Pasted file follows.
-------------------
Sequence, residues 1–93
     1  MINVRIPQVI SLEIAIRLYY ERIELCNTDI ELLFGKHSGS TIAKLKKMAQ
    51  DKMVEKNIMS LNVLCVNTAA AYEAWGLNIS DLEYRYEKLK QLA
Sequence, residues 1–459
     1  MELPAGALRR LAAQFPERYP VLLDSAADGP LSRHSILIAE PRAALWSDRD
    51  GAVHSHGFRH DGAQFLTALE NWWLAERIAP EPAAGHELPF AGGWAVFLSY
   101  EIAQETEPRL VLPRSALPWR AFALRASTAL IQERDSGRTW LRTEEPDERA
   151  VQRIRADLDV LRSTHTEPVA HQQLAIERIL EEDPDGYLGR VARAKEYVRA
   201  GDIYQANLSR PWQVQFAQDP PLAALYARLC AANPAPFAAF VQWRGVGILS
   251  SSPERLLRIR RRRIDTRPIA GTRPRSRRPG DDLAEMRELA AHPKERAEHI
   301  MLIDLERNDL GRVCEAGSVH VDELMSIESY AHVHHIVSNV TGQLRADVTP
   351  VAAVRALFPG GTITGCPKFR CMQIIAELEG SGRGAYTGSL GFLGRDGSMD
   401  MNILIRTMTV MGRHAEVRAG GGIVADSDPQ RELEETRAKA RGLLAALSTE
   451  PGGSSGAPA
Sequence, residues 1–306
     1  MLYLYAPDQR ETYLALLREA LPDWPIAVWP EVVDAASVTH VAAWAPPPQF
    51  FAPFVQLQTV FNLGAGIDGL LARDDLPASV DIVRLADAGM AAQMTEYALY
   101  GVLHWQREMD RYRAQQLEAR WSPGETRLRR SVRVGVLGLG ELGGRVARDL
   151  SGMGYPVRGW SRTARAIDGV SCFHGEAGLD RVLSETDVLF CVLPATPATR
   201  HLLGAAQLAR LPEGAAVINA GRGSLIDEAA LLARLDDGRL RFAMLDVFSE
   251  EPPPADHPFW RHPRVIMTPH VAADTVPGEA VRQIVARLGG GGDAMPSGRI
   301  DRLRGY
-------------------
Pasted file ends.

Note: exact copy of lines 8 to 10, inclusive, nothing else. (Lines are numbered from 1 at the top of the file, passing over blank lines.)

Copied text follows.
   151  VQRIRADLDV LRSTHTEPVA HQQLAIERIL EEDPDGYLGR VARAKEYVRA
   201  GDIYQANLSR PWQVQFAQDP PLAALYARLC AANPAPFAAF VQWRGVGILS
   251  SSPERLLRIR RRRIDTRPIA GTRPRSRRPG DDLAEMRELA AHPKERAEHI